But warm hearts and cool breezes are what I’m most looking forward to.



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Cute, isn’t he


But don’t be deceived!

Things aren’t always what they seem.

Find out why when Hartwell Players, Melbourne’s oldest community theatre group, presents Four Slices of Funcake, its 2012 One Act Play Festival, including Supernsout, by none other than Jane Cafarella.

Supersnout is directed by Joanne Watt and features the talents of Andrew Jacobs, Xavier Lee, Jocelyn Cowley and Nina McLean.

Come along for a great night of theatre and support local writers, actors and directors who are keeping the craft alive, affordable and accessible.

For more information about the festival, check this link:


Photo by Nicole Kent: This is Bugsy, the Chihuahua we owned when we lived in Bangkok. Bugsy has been living the high life with Nicole in NYC, but is moving to Long Island this weekend. He’s come along way since we picked him up from Bangkok’s Chatachuk Market. These days, he even has his own Facebook page (Butters Kent). Stay tuned for more on the adventures of Bugsy later.

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The 25th Annual Putnam County Spelling Bee

Looking for something fun and exciting to do this weekend? Look no further.

Trinity College Music Theatre Society presents The 25th Annual Spelling Bee at the Guild Theatre tonight, Friday and Saturday night.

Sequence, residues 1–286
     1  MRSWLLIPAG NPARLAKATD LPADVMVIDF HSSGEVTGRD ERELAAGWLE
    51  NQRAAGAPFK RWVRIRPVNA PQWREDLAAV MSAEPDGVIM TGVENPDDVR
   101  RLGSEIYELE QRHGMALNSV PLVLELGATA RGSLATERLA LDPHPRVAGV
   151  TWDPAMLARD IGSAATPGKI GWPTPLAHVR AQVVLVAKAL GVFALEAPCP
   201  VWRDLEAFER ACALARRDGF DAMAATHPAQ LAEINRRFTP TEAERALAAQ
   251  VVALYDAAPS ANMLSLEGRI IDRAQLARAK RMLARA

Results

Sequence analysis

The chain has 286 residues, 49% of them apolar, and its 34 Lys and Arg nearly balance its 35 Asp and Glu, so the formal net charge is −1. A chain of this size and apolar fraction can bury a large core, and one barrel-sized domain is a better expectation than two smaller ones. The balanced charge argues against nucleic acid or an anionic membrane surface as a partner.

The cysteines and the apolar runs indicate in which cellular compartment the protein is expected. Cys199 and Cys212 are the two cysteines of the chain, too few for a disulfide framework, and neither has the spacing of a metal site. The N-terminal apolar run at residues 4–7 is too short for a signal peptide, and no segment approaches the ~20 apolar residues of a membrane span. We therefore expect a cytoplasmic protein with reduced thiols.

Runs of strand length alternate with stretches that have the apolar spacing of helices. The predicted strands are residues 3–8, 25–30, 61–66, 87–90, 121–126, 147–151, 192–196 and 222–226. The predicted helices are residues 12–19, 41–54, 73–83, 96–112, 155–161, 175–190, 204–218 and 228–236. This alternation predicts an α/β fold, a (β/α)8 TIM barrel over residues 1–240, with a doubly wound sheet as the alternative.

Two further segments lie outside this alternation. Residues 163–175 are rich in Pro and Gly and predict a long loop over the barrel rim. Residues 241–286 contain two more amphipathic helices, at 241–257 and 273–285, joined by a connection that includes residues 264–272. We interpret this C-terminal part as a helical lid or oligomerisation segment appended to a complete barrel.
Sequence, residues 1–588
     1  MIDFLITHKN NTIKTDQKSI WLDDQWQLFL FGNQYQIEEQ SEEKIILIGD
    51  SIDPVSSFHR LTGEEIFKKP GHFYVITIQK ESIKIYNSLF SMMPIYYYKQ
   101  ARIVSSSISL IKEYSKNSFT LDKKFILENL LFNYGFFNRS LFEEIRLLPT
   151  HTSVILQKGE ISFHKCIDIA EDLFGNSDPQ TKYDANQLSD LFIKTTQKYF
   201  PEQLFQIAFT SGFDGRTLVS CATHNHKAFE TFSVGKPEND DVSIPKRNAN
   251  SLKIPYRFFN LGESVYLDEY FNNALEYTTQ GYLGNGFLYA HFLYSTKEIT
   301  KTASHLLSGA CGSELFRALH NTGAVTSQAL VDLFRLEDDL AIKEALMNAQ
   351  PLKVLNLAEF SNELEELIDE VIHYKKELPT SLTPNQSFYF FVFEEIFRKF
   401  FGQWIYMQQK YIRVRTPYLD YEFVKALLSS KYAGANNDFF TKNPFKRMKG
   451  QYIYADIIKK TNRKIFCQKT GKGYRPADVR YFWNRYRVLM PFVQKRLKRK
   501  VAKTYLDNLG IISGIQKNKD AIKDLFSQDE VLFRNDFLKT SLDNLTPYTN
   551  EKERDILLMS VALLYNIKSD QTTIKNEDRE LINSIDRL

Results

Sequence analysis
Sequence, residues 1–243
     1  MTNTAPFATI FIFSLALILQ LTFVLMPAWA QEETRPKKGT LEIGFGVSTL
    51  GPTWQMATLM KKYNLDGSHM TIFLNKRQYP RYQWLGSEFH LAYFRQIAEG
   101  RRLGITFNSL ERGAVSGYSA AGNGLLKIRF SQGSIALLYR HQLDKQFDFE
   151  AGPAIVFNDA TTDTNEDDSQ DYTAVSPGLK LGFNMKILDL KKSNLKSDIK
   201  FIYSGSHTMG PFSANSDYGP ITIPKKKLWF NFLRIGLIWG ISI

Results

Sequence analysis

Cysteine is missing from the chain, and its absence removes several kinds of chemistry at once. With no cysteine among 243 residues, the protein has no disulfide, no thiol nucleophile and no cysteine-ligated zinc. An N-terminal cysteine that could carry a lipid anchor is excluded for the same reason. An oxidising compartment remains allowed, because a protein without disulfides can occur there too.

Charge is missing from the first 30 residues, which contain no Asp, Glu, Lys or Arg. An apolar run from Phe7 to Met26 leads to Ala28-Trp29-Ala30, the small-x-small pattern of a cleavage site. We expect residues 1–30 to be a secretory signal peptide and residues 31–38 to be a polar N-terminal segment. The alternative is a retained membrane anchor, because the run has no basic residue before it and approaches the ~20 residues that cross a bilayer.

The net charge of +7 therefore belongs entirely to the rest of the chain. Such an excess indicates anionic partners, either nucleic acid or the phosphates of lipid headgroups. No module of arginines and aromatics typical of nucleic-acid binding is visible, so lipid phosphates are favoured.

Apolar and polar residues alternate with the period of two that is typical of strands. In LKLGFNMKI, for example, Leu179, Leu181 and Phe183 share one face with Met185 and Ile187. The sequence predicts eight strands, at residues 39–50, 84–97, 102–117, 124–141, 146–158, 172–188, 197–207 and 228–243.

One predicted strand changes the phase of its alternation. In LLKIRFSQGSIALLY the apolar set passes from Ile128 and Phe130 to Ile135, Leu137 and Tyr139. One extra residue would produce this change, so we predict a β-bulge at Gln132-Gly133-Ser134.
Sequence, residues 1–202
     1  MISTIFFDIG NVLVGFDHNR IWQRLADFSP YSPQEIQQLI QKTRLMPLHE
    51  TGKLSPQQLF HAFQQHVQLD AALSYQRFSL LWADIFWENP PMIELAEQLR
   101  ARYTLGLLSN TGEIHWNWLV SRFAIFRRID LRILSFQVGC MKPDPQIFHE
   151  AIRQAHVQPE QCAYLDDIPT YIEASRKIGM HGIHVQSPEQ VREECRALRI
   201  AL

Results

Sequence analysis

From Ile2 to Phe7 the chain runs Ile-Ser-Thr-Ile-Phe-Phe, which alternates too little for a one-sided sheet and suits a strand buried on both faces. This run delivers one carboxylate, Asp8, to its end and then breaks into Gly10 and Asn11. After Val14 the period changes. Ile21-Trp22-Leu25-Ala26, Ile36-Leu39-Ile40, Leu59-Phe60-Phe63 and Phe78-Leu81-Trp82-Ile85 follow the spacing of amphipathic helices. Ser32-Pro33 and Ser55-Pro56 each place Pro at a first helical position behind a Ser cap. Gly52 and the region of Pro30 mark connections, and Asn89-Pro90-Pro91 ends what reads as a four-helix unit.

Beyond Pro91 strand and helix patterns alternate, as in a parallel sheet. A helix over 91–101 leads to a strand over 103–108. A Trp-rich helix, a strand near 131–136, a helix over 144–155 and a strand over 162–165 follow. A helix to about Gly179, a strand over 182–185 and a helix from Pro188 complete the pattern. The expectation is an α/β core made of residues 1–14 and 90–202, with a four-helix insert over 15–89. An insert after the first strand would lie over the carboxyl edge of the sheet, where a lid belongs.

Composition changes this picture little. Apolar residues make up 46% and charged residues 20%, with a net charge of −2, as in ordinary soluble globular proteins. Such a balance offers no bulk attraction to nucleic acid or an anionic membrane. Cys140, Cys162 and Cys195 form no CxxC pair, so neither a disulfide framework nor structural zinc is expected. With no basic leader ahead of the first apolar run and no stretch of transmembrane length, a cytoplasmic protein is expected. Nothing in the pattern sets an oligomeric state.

I’ll be there on Friday and Saturday.

The Gala Night was a huge hit and the cast is now pumped for the weekend shows.

Look out for Greta Williams as Marcy Park, the over-achieving perfectionist – proudly wearing her Box Hill High School uniform, which is still too big.

Read the review here:


See you there!

Herewith, below, the official blurb from Trinity:

  • Guild Theatre, Union House, University of Melbourne
  • T, R, I, N, I, T……. EE? Trinitee?…..Yeah you’d better work on that.Because the time has come. After months, for some even years, of trying to write our names in mirror writing, get our pen licenses and thus become top dog of the library… it is time for Trinity College Music Theatre Society to present…


    If you know how to spell words like “cat”, “tree”, and “antidisestablishmentarianism”…
    If you play Words With Friends more often than you speak to your parents (or Scramble with Friends, or Hanging with Friends – not Draw Something though sheesh)…
    If you can sing ABC better than the Jackson Five, and if you can dance the YMCA…
    Sound familiar? Then you will love The 25th Annual Putnam County Spelling Bee.

    Wed 23rd May: 7.30pm – COLLEGE GALA NIGHT
    Thurs 24th May: 7.30pm
    Fri 25th May: 12.30pm
    Fri 25th May: 7.30pm
    Sat 26th May: 7.30pm

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Around 3pm, I start to get edgy. I should be getting home.

Even though I know there is no reason to get home, I feel edgy.

I blame 27 years of mothering.

As a mother, you need to start getting home around 3pm to make sure you are there when the kids get home from school, or to pick them up and take them to the dentist, or to a singing lesson, or a piano lesson, or rehearsal, or to a play-date.

But now the kids have grown up and at 3pm they are probably at work, or at uni, or still in bed recovering from that 3am party and hangover.

I have been absolved, yet still, like a well-trained rat, I keep returning to that damned wheel.